The opportunity is to understand that we do get to enact choice and create economic structures that are tied to our public health system, criminal justice system, and education system. We can choose to create a safety net that meets the needs of all people.  

Deb: Regan, you’re an RSF investor and attended Play BIG. And Nwamaka, you’re an ICI fellow, a consultant, and advisor to RSF. You both had a very positive impact on the work we do. How did you end up collaborating with RSF, and what impact have those collaborations had on you?   

Regan: Play BIG was my first introduction to the organization, and it has evolvedRSF’s philosophy to change the way people engage in relationships around money really affected me. 

was introduced to the idea that it’s possible to have a conversation about mutual needs in a financial transaction, rather than just following rules, issuing contracts, and technocratic solutions. Interacting with money can contain a set of conditions where people collectively make decisions about what to resource and how has stuck with me. 

Deb: After going to business school and working in finance, I thought, “These structures, terms, and systems don’t make any sense,” because they usually don’t. They weren’t really created to do good, but to keep a small percentage of people in power with money, access, and privilege. 

Regan: Financial jargon is intentionally designed to create a sense of expertise or hierarchy, so that someone who hasn’t gone through the sanctioned venues of power-gaining could easily feel intimidated. It’s very intentional, and that’s been a big learning for me, too.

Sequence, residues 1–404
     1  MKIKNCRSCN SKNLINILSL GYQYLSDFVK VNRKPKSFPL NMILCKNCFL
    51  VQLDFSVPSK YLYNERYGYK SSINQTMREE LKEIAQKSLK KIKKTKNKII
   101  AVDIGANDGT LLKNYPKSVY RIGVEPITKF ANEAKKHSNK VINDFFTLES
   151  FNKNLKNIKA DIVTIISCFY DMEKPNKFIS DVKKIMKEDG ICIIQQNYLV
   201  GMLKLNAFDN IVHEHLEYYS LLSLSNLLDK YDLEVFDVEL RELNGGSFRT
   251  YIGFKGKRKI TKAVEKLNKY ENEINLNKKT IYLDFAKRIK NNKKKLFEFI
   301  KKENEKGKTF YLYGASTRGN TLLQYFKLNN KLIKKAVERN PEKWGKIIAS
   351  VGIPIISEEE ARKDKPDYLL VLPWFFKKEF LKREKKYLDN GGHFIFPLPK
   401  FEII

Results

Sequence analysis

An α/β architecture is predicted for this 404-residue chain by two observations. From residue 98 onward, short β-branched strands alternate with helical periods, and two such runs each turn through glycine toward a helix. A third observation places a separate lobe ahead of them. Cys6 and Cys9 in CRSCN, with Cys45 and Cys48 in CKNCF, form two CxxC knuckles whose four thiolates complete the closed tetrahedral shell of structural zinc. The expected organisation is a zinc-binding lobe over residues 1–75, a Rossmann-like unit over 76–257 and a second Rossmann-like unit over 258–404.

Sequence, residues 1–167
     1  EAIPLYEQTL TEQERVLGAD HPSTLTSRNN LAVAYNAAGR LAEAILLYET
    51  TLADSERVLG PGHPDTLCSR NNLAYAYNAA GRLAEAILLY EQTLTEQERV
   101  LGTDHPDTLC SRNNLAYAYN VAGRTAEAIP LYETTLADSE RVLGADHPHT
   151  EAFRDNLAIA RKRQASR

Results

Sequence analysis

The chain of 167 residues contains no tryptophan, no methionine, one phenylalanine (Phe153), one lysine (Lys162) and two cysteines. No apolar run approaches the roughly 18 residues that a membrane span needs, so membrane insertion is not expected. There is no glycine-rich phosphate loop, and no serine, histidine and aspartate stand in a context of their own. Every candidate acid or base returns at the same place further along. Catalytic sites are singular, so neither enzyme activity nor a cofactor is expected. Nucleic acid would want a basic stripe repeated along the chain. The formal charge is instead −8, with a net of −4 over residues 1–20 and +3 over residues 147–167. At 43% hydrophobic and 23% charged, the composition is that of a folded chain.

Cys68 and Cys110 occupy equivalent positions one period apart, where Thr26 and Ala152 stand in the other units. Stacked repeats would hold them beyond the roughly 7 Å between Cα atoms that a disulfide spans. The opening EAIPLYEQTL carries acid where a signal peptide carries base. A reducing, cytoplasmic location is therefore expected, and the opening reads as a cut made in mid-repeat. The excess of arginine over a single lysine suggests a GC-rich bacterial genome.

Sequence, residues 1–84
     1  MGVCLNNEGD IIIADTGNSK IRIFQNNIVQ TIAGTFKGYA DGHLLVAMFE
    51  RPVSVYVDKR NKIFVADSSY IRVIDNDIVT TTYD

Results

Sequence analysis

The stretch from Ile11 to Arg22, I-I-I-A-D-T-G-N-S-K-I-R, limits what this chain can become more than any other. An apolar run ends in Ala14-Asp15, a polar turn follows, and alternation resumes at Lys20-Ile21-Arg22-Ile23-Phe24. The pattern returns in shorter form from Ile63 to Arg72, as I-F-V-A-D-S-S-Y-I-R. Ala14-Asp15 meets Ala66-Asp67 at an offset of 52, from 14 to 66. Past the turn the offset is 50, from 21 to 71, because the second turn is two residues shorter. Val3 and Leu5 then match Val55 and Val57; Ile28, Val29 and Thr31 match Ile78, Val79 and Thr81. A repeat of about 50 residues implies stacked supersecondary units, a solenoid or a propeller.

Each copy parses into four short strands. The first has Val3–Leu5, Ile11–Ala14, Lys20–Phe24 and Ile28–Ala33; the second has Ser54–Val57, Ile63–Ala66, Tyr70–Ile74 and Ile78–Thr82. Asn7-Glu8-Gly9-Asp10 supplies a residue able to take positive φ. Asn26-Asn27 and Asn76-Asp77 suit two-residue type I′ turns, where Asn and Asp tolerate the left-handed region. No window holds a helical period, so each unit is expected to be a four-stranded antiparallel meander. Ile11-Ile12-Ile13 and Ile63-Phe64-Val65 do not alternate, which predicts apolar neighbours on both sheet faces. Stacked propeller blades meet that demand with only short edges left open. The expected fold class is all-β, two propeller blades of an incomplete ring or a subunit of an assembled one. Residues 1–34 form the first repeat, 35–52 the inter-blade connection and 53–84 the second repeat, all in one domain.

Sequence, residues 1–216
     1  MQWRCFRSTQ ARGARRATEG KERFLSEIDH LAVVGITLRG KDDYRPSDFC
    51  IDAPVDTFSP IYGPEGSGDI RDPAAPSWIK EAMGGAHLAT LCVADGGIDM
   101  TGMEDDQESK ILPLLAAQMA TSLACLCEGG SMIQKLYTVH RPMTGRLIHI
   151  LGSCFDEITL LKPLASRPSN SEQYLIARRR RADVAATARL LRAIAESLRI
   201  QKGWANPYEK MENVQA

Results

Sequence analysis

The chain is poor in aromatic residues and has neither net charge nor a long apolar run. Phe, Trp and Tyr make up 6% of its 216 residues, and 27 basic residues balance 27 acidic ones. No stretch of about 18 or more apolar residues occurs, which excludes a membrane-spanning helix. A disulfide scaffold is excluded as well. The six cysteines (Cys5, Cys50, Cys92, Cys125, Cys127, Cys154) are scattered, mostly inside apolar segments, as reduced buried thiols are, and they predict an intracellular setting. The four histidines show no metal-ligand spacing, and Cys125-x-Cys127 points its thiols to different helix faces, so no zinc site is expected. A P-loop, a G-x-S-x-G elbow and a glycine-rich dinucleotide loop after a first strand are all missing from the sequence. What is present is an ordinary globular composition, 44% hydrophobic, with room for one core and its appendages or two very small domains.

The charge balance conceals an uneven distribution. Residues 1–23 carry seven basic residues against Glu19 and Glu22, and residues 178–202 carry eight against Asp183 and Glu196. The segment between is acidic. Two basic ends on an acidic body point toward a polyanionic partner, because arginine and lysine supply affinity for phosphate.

Nwamaka: I agree with that assessment of the jargon. I went to ICI to learn more about impact investment and to deepen my own technical skills around the work. I was deeply moved by the model of inviting investors and donors to think about activating their entire portfolio of resources, and using grants alongside non-extractive investment tools to resource entrepreneurs and communities. 

What I left with was a rich set of relationships and communities across different perspectives. I could bring my social racial justice analysis work into conversations with those who have a traditional finance background and to be in a relationship with unlikely allies. We can deepen our impact beyond what we could do individually, and I’m excited for this space where people across sectors can come together to reflect on economic and financial systems and move capital in a different way. 

Deb: Can you share something you’ve learned about wealth and power?   

Regan: The idea I’ve worked on the most is that power, in and of itself, isn’t a bad thing. I think a lot of well-intentioned people who have power can sometimes think of it as a bad thing, something you’re not supposed to wield, or that you’re going to corrupt the system by stepping into your power. I think learning how to step into power responsiblywield it with accountability, and in partnership with community can be extremely meaningful, helpful, productive, and liberating. 

Nwamaka: I think wealth and power are meant to be shared for our collective good. We’ve structured ourselves as a society with the misconception that our money will keep us safe. Regan and I both know that it’s our deep relationships and communities that are the actual things that keeps us safe.  

People do need access to resources to support their communities, but it is being able to be in deep relationship with our community that holds us and takes care of us. Seeing how communities have responded in the COVID crisis despite the failure of our government to act has shown that it’s our neighbors, friends, and families that show up to care for us when everything else has fallen to the wayside. So, yes, I would say wealth and power are meant to be shared for our collective good.